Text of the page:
Corning and EMC Offer Dividends and Big Growth Potential
Exchange-traded funds offer a convenient way to invest in sectors or niches that interest you. If you'd like to add some IT stocks (those heavily involved in information technology) to your portfolio but don't have the time or expertise to hand-pick a few, the Fidelity MSCI Information Technology ETF could save you a lot of trouble. Instead of trying to figure out which stocks will perform best, you can use this exchange-traded fund to invest in lots of IT stocks simultaneously.
The IT field is especially promising, given the ongoing spread of technology and its continuous innovation. The IT stocks in this ETF are varied, focusing on computing hardware, software, and services, and ranging from chips to fiber to selling platforms and business analysis. Some of them offer attractive dividend yields as well as likely stock-price appreciation.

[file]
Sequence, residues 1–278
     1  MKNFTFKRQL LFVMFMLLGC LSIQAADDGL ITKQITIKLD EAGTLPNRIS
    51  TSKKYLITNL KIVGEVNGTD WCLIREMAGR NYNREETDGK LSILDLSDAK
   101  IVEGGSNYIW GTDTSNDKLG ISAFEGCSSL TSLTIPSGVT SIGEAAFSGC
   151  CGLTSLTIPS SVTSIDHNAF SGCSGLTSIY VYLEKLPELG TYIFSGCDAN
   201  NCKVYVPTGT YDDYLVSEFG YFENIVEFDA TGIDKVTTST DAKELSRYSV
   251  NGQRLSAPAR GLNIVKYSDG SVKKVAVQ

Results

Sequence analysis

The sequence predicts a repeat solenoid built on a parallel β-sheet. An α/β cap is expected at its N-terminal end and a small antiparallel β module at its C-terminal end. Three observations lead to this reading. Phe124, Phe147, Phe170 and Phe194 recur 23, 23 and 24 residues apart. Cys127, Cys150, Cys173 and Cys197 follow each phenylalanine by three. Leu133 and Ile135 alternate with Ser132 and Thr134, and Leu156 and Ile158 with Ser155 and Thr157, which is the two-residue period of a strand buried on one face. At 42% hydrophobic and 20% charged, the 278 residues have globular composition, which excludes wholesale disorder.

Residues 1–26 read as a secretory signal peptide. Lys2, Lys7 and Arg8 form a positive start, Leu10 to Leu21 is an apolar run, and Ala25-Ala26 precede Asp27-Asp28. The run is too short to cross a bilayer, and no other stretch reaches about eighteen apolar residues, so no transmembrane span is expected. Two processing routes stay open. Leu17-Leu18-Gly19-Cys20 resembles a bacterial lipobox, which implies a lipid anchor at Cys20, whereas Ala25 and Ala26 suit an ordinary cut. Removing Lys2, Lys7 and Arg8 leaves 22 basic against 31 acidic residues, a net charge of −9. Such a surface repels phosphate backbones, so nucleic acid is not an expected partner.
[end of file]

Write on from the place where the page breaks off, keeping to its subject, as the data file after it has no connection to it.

The ETF's basics
ETFs often sport lower expense ratios than their mutual fund cousins. This ETF, focused on IT stocks, sports an expense ratio -- an annual fee -- of 0.12%. The ETF is too young to have a meaningful track record, and it's fairly small, too -- so if you're thinking of buying, beware of possibly large spreads between its bid and ask prices. Consider using a limit order if you want to buy in.
On your own you might not have selected Corning or EMC as IT stocks for your portfolio, but this ETF includes them among its 400-some holdings.
A closer look at EMC
EMC is a storage giant, positioned to profit from the rapidly growing cloud-computing and Big Data arenas. It holds an 80% ownership stake in virtualization specialist VMware, too, and has made some significant acquisitions recently, such as storage software developer ScaleIO and flash equipment maker DSSD.